The standard three-point bending tests were performed to measure the toughness of the 3D-printed composites with rGNs, aGNs, and a reference sample using the pure polymer (samples size, 25 mm × 5 mm × 5 mm; notch depth, 3 mm). The results show that the pure polymer sample exhibits a purely linear elastic response until a catastrophic failure occurs. The corresponding fracture surface shows no crack deflection (Fig. 4A). With rGNs in the 3D-printed sample, progressive failure occurs because of stable crack propagation (Fig. 4B) and the related increment of fracture toughness (Fig. 4D). In comparison, after the alignment of GNs, we obtain a stable crack arrest and deflection by the toughening of brick-like platelets, similar to that of the natural nacre (Fig. 4C). Crack propagation is deflected by aGNs and suppressed by aGNs bridging with a subsequent curving during crack growth. Thus, energy dissipation is synergistically enhanced by these crack suppression mechanisms, leading to a higher toughness. Simulation using COMSOL Multiphysics reveals that the damage in MJ/aGNs composites not only localizes at the crack tip but also is widely distributed ahead of the growing crack by deflecting microcracks (Fig. 4I). Instead of the unstable (catastrophic) cracking characteristic of the MJ/rGNs composites (Fig. 4H), the primary characteristic of nacre-inspired MJ/aGNs composites is its extrinsic toughening mechanism, which provides the means to induce stable (subcritical) crack growth (Fig. 4I) (43). aGNs-related bridging and interlocking also translate to an increase in dissipated energy and toughening, which contribute to the composite’s outstanding crack arrest performance.

Fig. 4 Comparison of fracture toughness by three-point bending test.

(A to C) Compression force versus resistance change for pure MJ, MJ/2 wt % rGNs, and MJ/2 wt % aGNs, respectively (with inset SEM images showing the related fracture surfaces). (D) Comparison of fracture toughness for crack initiation (KIC) and stable crack propagation (KJC) of the 3D-printed nacre with the natural nacre. (E) Comparison of specific toughness and specific strength of the 3D-printed nacre with others’ work (inset shows the specific strength with density for various nacre-inspired composites). R-curves of the 3D-printed nacre (F) and the natural nacre (G). Simulations of stress distribution by COMSOL Multiphysics for the 3D-printed nacre with rGNs (H) and aGNs (I).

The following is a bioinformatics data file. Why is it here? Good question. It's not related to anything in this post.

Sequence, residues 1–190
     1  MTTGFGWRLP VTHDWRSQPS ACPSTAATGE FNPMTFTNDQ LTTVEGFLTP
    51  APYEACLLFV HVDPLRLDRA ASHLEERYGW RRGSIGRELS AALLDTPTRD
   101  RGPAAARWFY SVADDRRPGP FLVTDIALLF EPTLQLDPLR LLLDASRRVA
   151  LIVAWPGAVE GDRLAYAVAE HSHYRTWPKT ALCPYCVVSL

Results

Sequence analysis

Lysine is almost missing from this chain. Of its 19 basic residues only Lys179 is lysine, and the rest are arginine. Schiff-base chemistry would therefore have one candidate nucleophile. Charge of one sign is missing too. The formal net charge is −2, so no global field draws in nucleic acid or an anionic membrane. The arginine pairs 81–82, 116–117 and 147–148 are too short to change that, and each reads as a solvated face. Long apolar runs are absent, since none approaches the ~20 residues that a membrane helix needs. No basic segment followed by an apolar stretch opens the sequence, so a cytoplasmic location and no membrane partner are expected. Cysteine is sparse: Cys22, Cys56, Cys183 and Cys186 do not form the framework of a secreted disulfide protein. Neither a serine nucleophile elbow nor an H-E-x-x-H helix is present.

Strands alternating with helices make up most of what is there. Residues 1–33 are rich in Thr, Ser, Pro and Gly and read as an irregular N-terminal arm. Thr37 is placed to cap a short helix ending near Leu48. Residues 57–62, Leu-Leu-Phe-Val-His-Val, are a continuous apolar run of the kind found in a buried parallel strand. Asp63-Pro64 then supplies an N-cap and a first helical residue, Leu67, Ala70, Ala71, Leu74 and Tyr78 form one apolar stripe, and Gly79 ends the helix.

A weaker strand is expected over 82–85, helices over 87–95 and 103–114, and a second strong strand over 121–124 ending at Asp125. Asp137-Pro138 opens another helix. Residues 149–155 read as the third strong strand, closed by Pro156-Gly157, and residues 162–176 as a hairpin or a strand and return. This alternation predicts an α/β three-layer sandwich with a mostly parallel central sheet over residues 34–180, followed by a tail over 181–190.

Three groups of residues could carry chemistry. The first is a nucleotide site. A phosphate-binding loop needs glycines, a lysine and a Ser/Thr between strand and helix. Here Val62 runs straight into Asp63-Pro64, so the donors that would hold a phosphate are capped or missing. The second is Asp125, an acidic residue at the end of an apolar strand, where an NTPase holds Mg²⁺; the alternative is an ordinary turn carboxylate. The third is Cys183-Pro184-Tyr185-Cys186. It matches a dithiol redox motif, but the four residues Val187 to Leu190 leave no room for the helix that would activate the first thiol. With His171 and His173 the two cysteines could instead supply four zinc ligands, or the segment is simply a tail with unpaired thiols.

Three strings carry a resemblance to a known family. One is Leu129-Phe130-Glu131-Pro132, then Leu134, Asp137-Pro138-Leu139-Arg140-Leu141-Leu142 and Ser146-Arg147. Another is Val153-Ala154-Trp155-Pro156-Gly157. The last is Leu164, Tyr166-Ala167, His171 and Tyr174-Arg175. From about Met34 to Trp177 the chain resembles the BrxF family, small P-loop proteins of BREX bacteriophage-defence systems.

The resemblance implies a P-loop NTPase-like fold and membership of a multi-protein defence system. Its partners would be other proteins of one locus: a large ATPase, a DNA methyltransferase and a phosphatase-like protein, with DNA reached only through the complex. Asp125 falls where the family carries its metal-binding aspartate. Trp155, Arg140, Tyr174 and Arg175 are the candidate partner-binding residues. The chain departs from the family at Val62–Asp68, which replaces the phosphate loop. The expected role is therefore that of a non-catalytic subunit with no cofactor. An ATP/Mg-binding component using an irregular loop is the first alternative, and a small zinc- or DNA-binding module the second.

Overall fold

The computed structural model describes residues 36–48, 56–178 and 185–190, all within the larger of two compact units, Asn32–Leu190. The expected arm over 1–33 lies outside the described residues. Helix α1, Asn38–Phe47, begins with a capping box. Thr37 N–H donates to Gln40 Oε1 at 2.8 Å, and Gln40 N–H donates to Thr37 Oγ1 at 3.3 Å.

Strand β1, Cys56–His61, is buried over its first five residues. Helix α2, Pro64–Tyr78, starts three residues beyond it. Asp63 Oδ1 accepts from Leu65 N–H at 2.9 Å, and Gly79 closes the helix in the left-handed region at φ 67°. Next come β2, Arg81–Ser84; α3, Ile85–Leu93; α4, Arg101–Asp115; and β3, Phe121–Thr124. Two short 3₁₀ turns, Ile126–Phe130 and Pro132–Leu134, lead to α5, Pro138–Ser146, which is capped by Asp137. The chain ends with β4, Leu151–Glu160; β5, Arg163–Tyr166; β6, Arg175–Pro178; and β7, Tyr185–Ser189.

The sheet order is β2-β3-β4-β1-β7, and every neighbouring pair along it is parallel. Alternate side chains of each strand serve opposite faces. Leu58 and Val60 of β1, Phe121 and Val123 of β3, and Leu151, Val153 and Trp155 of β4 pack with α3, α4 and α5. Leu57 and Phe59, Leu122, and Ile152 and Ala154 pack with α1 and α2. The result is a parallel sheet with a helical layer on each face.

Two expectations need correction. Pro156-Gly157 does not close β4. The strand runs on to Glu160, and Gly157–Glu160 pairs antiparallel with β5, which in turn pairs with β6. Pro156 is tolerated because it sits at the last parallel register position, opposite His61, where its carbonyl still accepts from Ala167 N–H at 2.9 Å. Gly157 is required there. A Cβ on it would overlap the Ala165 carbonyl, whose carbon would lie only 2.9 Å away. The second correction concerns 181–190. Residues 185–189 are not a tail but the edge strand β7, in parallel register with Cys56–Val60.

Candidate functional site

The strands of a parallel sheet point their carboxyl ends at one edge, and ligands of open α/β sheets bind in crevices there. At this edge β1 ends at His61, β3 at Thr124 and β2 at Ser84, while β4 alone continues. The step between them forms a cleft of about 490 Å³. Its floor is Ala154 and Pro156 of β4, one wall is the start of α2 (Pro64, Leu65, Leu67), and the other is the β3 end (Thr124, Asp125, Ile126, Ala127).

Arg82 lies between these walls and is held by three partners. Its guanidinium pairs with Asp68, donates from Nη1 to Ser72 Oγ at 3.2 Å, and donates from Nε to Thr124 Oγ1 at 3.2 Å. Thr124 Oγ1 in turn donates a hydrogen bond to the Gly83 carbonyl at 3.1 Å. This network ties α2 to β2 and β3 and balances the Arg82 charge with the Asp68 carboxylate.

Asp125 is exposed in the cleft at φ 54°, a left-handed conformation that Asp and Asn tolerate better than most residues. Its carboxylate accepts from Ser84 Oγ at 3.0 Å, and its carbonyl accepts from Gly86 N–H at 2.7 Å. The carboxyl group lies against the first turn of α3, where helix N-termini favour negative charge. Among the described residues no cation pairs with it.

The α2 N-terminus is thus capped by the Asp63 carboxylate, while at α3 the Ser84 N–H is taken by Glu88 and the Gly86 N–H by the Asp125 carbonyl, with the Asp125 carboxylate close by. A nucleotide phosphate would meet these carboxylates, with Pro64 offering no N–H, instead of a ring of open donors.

The capability of a material with preexisting cracks to resist fracture is defined as fracture toughness and is a critical mechanical property of interest because it determines structural integrity and reliability (20). The fracture toughness for crack initiation KIC (describing the resistance to crack initiation) is significantly higher for aGNs than for rGNs with the same loading (Fig. 4D). The tests show that the KIC of nanocomposites with 2 wt % [1.06 volume % (vol %)] aGNs has the highest value (1.59 MPa m1/2) and is increased by 115% compared with the pure polymer. However, this value is still lower than that of the natural Cristaria plicata nacre (~2.4 MPa m1/2) (20). With the further increase of filler loading, the fracture toughness decreases for both rGNs and aGNs due to the aggregation of GNs. The fracture toughness for stable crack propagation KJC of the 3D-printed nacre with aGNs increases by 109% from the crack initiation (~1.59 MPa m1/2) to the end of the stable crack propagation (~3.28 MPa m1/2) (E = 3.5 GPa), which far exceeds those of the pure MJ bulk (~0.79 MPa m1/2) and the rGNs composite (~1.33 MPa m1/2) but is still lower than that of the natural C. plicata nacre (~5.9 MPa m1/2) (Fig. 4D) (20). However, our 3D-printed nacre is more lightweight than the natural nacre [ρ1 = 1.06 g/cm3 for our 3D-printed nacre and ρ2 = 2.58 g/cm3 for the natural nacre (20)]. Consequently, both the specific toughness and the specific strength of the 3D-printed nacre are comparable with those of the natural nacre (Fig. 4E). Our 3D-printed nacre has the lowest density compared with other nacre-inspired composites (inset image in Fig. 4E and table S2) (44). For natural materials, fracture resistance increases with crack extension, generating a characteristic rising crack resistance curve (R-curve) (2, 11, 45). The J-R curve approach was applied to quantitatively study the changes of KJC with the crack extension (Δα) (46, 47). The results show that the 3D-printed nacre exhibits an extensive rising R-curve behavior (Fig. 4F) similar to that of the natural C. plicata nacre (Fig. 4G) [copyright from (20)], indicating their resistance to fracture during the crack growth. It is noted that there is no R-curve for the 3D-printed structure with the rGNs composite due to crack propagation (Fig. 4F). The R-curve behavior gives us a better understanding of how the aGNs in the nanocomposite can sustain subcritical cracking, thus delaying or even inhibiting the catastrophic failures, which is critical for developing engineering structures with high toughness and self-sensing capability. These results strongly illustrate that the lightweight 3D-printed nacre with aGNs exhibits high toughness due to the multiscale replication of the hierarchical BM structure from the natural nacre.

Investigation of anisotropic electrical properties for self-sensing